Wednesday, October 11, 2006

The 700-Mile Death Trap

With President Bush’s signing of the only piece of immigration legislation Congress passed this term, undocumented migration has become a crime punishable by death. Instead of comprehensive reform (which could have included Bush’s guest worker proposal to ease pressure at the border, plus a path to citizenship for millions of undocumented immigrants), lawmakers honed in on border security, calling for construction of a 700-mile fence along the U.S.-Mexico border, priced at $1.2 billion. The problem is that the fence idea has been tried; it won’t work, and the result will be countless more unnecessary deaths.

Beginning in 1994, the Clinton administration implemented Operation Gatekeeper, a strategy of “control through deterrence” that involved constructing fences and militarizing the parts of the southern border that were the most easily traversed. Instead of deterring migrants, their entry choices were shifted to treacherous terrain—the deserts and mountains. The number of entries and apprehensions were not at all decreased, and the number of deaths due to dehydration and sunstroke in the summer or freezing in the winter dramatically surged. In 1994, fewer than 30 migrants died along the border; by 1998 the number was 147, in 2001, 387 deaths were counted, and the past fiscal year 451 died.

Given the risks, why do migrants continue the harrowing trek? The attraction of the United States is obvious. The strong economy pays Mexican workers, for example, eight to nine times more than what they can earn in Mexico. For many, it’s a matter of economic desperation, and some observers think that migrants would continue to come even if we mined the border. In a sense, they do not have a choice. Besides, jobs are plentiful here, because a variety of industries rely on low-wage migrant workers. The migrants may know the risks, but figure that the risks are outweighed by the benefits of crossing.

Motivations for continued migration call into question the likely effectiveness of the expansion of Operation Gatekeeper if the goal is to discourage border-crossers. Beyond the economic situation in Mexico, a socio-economic phenomenon is at play. The phenomenon is the long, historical travel patterns between Mexico and the U.S., coupled with the interdependency of the two regions. Migration from Mexico is the manifestation of these economic problems and social phenomena. The militarization of the border does nothing to address these phenomena. Instead, it is killing individuals who are caught up in the phenomena.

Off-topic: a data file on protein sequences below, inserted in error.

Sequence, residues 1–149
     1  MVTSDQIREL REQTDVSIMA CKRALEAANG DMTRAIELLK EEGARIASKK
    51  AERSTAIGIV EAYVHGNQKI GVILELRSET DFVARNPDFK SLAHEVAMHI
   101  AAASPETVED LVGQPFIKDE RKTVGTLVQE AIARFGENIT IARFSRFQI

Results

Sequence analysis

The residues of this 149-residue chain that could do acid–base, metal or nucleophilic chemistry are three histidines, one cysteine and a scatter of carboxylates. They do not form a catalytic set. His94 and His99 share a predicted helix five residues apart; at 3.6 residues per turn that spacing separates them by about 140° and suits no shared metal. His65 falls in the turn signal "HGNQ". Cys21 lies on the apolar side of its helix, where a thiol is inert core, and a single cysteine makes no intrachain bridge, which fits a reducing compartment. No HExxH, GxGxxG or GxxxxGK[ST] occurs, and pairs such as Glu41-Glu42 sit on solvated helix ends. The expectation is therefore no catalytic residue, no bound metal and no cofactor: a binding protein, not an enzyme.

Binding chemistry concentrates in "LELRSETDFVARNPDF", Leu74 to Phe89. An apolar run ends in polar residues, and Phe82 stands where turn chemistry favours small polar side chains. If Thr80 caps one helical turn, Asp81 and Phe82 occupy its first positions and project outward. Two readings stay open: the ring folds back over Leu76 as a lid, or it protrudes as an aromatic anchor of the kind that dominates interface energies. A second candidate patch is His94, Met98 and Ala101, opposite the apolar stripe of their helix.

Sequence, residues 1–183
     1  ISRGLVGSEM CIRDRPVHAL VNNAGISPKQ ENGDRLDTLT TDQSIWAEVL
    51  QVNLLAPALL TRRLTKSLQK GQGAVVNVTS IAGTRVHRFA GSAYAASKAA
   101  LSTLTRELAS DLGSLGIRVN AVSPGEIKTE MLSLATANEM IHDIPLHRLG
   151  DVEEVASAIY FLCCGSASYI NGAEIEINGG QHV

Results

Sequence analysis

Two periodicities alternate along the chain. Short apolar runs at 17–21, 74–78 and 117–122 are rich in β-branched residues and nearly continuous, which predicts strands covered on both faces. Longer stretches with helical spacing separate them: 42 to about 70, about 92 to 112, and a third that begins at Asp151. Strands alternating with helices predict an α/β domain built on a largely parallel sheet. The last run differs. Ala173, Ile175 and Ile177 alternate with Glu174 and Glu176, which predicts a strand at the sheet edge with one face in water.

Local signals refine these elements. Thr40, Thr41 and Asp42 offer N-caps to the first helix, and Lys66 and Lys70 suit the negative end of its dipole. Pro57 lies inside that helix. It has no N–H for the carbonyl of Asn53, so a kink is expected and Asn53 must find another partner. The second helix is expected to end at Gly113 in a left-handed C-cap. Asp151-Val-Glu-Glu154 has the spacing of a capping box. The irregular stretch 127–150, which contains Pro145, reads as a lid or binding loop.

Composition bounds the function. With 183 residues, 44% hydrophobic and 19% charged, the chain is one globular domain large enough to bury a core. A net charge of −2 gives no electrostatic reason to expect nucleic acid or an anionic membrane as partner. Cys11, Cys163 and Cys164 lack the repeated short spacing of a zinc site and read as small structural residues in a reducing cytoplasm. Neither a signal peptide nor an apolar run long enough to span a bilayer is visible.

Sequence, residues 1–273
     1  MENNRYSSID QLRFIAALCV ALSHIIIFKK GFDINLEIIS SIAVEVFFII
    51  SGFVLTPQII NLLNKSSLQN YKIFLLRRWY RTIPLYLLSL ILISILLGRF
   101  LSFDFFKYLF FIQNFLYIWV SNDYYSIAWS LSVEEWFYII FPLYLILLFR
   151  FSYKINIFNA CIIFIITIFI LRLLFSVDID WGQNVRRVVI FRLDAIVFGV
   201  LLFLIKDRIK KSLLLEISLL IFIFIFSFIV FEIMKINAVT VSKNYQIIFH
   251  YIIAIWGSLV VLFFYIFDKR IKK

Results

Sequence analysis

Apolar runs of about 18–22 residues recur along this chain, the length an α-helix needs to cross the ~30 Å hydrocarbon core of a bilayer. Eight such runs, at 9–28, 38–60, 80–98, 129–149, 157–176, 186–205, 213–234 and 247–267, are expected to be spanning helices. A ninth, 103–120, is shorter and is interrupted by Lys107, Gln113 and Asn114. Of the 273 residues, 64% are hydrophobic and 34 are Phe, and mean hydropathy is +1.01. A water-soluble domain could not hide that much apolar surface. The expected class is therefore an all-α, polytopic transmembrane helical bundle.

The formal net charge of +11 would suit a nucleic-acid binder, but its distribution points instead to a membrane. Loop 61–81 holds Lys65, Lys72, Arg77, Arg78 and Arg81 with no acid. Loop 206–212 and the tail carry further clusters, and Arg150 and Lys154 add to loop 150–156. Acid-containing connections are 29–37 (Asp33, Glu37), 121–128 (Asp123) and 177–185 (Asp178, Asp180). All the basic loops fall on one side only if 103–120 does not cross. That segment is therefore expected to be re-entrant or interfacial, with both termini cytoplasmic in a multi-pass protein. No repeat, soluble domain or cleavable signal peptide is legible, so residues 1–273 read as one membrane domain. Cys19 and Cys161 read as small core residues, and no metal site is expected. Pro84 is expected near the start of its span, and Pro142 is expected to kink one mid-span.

Understanding the economic and social situations in Mexico and the United States and the nature of their relationship enables us to formulate better approaches to border crossings and migrations. A real solution would address push-pull factors and the economic needs of both countries. For two years, President Bush has proposed temporary worker plan that, with modifications, makes more sense than enforcement only legislation. As a nation, the United States ought to do the right thing, especially when it comes to Mexican migrants given our long historical ties with Mexico. We have demonized the undocumented, rather than see them for what they are: human beings entering for a better life who have been manipulated by globalization, regional economies, and social structures that have operated for decades. The right thing to do is to develop a system to facilitate the flow of Mexican migrants to the United States who are seeking employment opportunities. Given the economic imbalance between the two nations, we know that the flow will continue—legally or otherwise. By regularizing the flow through a large guest worker program, we ease pressures at the border (thus freeing up personnel to concentrate on the serious challenge of looking for terrorists and drug smugglers), address the labor needs of employers, bring the undocumented out of the shadows, and end unnecessary, immoral border deaths that have resulted from current enforcement strategies. But we have to do this in a manner that provides the workers with respect from other Americans and hope for membership. Thus, a path toward earning permanent residence after a period of time and paying a financial penalty for entering illegally, as proposed by Arizona Republican Senator John McCain and Representatives Jeff Flake and Jim Kolbe, becomes a critical ingredient of any guest worker program.

Our nation has a choice between the 700 hundred-mile death trap or a path to enfranchisement for these individuals on whom we have depended upon for generations. Our economic, social, and national security interests demand that we pursue the moral choice.


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Mexico's economic problems are the problems of the Mexican government and the Mexican people. No revolution, economic or otherwise ever took place by revolutionaries leaving the field of battle. How will Mexico ever reform itself if there is no driving force to do so. Appeasing the Mexican government by acquiescing to its demands is foolish. The "death trap" is the responsibility of the Mexican government, because it chooses not to prevent illegal immigration. The U.S. is no more responsible for Mexican nationals than we are for the fate of Pakistanis or Indians living in poverty.

There is no such thing as an undocumented immigrant. All immigrants, as defined by immigration law, have the so-called green cards. Mexcans are no more legitimate as immigrants than a Korean national visiting Disney World on a tourist visa, or a German national visiting his U.S. subsidiary to do business. No matter how much you repeat it professor, illegal aliens are still illegal aliens and not undocumented immigrants. You remind me of an old lady prude who cant't bear to say the word hell. This use of unsavory, yet true words is only be a form of denial of the truth.